Google has been working away on a facelift for its eight-year-old mega-product Google Maps, as the company hinted at during its developer conference back in May. While the desktop version has been dribbling out since then, the new features are also now available on Android phones (and coming soon to iOS).
The new mobile app is designed to bring real-time information to directions, particularly in the map features that help users navigate around traffic. Users will now be able to access incident reports on their routes, which will bring up details and status reports to help gauge traffic conditions. Alerts will also pop up if a new route means a faster travel time, and will automatically reroute to the speedier path.
There are also new features geared towards discovering new places to visit — an area that Google is eager to dip into. The app’s Explore feature enables users to browse for new eateries, shops and places to visit, or to simply search an area for a particular kind of locale. The app’s new 5-star rating system gives a summary of how friends and like-minded individuals feel about local haunts, and every place that has a Zagat rating will have it prominently displayed alongside the address.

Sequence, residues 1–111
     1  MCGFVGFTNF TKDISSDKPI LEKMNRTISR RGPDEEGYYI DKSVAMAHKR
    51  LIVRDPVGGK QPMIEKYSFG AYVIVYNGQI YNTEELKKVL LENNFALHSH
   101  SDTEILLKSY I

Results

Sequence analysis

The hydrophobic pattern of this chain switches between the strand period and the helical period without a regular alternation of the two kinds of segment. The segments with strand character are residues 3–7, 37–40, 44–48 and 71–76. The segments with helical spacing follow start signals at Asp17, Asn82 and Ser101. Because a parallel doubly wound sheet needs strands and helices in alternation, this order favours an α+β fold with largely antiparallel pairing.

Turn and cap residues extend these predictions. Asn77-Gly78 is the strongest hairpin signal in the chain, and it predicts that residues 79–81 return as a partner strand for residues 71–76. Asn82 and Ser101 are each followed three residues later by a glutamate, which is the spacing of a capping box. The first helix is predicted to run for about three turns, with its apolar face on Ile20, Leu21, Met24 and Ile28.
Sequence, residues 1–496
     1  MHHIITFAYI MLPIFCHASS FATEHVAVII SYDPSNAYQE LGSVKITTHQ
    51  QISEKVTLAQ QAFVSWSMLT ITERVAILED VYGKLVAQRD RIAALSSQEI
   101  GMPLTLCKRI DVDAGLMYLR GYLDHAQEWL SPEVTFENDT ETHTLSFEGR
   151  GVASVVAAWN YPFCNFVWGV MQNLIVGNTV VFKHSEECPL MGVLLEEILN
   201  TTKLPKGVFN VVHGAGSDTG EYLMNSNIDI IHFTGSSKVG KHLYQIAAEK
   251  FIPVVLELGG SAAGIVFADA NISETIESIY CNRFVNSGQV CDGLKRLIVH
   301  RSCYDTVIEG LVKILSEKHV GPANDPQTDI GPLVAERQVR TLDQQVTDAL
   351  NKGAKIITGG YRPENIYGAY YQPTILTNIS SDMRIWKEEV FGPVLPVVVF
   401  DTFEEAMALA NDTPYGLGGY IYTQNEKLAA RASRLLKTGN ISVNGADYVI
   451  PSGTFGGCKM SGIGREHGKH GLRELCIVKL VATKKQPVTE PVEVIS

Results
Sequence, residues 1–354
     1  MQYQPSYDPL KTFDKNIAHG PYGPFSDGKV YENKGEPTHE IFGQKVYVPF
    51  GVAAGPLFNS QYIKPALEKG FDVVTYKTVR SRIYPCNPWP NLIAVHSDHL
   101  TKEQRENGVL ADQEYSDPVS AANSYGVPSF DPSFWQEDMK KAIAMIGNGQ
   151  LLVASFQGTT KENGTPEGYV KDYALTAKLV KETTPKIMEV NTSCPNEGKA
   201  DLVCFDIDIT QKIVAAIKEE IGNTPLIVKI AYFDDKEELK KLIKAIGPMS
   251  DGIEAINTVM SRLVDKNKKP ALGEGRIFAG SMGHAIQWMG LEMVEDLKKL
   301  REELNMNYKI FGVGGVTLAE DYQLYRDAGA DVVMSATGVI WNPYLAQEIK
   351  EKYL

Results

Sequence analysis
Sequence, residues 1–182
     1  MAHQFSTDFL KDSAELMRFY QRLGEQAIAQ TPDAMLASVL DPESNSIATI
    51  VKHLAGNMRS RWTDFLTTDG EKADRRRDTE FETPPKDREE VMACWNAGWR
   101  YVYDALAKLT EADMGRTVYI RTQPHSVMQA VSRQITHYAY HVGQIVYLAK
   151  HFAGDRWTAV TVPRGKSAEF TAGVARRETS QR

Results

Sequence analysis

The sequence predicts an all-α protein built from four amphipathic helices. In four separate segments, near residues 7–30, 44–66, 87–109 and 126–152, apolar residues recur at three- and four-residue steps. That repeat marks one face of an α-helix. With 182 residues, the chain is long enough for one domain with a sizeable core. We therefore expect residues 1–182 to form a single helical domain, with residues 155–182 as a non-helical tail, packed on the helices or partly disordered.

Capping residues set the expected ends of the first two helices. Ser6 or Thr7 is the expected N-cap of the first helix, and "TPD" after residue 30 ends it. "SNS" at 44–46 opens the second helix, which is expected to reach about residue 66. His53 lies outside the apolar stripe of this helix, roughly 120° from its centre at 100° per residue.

One thing notably missing from the update is Latitude, which enabled location check-ins and allowed friends to be viewable on Google Maps. The search giant has decided to retire the feature from all versions on August 9 — those features will instead be ported to Google+ for Android. My Maps is also gone due to lack of current software support, and offline maps is relegated to an Easter egg: users who want to save a particular map can type “Okay Maps” (a reference to Google Glass command “Okay, Glass”) and it will be cached.
It’s clear that Google wants people to not only access maps to get somewhere, but to find somewhere — and its taking advantage of the on-the-go capabilities of mobile to make that happen.